Sat, May 28, 2016
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Energy and Carbon

The Planning Inspectorate has accepted the Development Consent Order application for the Swansea Bay Tidal Lagoon for consideration - the Lagoon has been designated as a Nationally Significant Infrastructure Project.

Tidal Lagoon Power Ltd (TLP) today took a major step towards realising one of the UK’s most game-changing infrastructure projects: the £850 million Swansea Bay Tidal Lagoon - the largest tidal power plant in the world. 

The Able Marine Energy Park scheme has secured £14.9m from the Enterprise Zone Capital Grant Fund - enabling construction work to be brought forward.

David Cameron has told the World Economic Forum that Europe will need to provide cheap and predictable sources of energy in order to encourage businesses to relocate- including shale gas - and that burdensome regulation could drive investors away.

A reduction in greenhouse gas emissions by 40% below the 1990 level and an EU-wide binding target for renewable energy of at least 27% are among the key elements of the European Commission’s new EU framework on climate and energy for 2030.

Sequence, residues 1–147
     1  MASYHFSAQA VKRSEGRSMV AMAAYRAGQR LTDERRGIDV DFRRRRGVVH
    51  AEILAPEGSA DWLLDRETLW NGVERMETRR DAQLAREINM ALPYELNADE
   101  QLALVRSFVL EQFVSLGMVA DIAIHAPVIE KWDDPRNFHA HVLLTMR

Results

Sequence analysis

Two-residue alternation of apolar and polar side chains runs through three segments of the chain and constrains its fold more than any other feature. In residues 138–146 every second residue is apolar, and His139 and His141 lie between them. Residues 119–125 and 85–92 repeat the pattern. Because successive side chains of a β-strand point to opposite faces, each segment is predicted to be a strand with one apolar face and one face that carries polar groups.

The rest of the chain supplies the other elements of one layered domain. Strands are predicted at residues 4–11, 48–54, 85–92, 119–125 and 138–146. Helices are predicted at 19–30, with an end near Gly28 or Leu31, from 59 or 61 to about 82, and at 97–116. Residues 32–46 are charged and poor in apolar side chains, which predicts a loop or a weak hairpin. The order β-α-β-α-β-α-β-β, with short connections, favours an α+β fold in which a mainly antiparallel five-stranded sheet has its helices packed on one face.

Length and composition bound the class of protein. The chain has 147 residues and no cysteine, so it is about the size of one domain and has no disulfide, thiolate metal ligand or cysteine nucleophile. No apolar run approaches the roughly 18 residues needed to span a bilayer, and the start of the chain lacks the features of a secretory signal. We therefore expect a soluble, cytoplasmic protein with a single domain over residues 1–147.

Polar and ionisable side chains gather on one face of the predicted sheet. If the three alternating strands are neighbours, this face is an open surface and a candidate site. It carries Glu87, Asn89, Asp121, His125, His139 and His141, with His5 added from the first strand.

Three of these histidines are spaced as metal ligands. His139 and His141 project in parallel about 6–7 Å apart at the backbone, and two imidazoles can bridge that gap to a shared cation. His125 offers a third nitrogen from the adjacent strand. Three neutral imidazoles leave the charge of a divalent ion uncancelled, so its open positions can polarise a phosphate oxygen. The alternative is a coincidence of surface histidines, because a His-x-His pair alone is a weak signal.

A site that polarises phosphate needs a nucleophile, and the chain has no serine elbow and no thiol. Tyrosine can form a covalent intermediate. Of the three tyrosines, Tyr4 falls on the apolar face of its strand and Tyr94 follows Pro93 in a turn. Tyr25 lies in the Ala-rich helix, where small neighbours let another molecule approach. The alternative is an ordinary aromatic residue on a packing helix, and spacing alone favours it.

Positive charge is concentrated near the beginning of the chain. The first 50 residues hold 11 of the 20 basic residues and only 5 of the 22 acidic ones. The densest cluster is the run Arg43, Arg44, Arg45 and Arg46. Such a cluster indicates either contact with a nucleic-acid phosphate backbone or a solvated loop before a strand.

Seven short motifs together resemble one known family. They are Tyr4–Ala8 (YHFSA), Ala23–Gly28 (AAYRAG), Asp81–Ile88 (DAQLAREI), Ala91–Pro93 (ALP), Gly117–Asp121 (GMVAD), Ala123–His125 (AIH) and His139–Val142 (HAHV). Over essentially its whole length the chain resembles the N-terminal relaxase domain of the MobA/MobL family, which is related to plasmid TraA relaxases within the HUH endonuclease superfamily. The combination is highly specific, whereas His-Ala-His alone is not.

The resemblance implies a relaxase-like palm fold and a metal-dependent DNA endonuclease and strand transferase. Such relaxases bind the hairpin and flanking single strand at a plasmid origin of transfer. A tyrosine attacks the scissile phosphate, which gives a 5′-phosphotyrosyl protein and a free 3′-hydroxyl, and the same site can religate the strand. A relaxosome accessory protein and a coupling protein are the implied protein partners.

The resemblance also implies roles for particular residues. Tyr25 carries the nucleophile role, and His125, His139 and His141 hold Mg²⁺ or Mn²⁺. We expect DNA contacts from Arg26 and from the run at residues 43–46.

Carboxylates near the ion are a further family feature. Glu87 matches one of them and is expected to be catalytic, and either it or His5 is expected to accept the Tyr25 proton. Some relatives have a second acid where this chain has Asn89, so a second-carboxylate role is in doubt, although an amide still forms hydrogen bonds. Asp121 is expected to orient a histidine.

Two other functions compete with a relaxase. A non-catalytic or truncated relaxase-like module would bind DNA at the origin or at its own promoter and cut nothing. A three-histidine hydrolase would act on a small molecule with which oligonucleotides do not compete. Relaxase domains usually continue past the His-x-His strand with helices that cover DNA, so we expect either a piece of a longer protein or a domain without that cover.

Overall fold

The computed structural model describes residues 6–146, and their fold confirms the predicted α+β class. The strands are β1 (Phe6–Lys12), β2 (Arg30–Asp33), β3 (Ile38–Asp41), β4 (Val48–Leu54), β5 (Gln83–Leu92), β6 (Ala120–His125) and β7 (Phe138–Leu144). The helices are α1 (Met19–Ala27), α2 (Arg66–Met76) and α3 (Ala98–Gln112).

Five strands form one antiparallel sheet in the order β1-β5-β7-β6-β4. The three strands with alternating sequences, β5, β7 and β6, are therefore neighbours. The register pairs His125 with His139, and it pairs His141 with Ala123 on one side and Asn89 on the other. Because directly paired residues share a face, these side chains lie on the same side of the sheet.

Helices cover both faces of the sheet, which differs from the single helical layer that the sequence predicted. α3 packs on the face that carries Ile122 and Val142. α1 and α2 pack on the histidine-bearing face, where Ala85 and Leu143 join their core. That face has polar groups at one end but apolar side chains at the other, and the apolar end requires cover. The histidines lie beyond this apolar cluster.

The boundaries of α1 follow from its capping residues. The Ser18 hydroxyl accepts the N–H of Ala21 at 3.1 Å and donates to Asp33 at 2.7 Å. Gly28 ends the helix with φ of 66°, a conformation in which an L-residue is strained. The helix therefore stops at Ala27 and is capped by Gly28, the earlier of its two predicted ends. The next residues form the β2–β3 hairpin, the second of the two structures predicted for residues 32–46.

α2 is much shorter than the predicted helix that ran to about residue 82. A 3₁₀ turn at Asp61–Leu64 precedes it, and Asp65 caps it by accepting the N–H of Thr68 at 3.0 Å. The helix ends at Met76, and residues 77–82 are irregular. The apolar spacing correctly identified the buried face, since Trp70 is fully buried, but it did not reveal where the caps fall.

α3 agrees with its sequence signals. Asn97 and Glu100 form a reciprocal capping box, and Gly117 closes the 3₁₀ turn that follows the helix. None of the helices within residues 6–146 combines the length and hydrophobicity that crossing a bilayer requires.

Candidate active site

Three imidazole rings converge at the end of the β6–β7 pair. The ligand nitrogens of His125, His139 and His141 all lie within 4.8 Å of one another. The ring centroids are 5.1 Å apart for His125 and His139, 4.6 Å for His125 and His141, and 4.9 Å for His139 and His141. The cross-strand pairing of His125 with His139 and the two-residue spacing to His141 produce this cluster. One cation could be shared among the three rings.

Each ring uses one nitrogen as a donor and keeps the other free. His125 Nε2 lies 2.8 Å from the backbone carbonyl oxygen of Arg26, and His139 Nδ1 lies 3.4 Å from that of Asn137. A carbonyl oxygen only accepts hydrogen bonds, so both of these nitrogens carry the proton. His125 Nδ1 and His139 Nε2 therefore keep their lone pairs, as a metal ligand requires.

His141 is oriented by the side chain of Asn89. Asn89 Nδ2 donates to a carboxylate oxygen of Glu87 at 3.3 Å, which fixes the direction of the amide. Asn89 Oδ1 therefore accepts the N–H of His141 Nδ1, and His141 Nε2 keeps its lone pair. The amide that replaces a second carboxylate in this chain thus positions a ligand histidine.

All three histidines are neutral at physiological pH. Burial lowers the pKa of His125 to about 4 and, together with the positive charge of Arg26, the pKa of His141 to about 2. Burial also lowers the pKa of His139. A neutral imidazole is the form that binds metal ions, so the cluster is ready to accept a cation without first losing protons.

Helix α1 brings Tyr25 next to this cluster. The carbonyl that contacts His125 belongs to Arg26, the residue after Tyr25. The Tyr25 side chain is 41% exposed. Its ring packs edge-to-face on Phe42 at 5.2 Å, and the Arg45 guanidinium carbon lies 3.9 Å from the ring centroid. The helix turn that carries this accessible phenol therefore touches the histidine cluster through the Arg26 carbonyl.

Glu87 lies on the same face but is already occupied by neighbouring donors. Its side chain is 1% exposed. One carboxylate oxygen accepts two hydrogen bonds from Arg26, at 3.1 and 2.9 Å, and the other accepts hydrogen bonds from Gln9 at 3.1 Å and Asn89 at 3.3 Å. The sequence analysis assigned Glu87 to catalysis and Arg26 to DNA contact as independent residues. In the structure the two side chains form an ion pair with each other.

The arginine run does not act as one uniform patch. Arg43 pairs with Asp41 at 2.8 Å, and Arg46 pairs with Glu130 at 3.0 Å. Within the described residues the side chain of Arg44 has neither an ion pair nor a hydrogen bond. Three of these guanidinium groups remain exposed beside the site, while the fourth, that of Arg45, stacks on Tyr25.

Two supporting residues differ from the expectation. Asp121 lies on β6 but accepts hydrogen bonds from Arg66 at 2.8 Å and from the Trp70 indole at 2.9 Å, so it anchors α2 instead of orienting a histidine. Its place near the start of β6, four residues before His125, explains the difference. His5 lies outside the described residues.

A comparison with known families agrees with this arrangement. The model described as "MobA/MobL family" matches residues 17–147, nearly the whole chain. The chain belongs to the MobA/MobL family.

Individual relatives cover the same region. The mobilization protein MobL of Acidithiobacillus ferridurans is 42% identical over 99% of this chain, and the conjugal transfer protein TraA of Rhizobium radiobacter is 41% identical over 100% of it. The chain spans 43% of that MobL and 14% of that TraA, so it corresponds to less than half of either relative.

The World Bank is warning that the availability of and access to water is negatively impacting energy production across the world – and the problem is only expected to get worse.

According to new research published today, supply chain progress on reducing carbon emissions is stalling as a result of regulatory uncertainties.

Masdar, Abu Dhabi’s renewable energy company, has today announced plans to collaborate with the European Investment Bank – the financial arm of the European Union – to accelerate the development of clean energy projects in parts of the Middle East and North Africa.

The Government has granted planning consent for the Able Marine Energy Park – identified as a Nationally Significant Infrastructure Project and currently under the aegis of the Planning Inspectorate.

The Government has launched a formal consultation on its proposals for large scale shale gas production in the UK by the 2020s -however, the independent assessment accompanying the proposals has warned that it could also place a substantial burden on existing waste water treatment infrastructure capacity.

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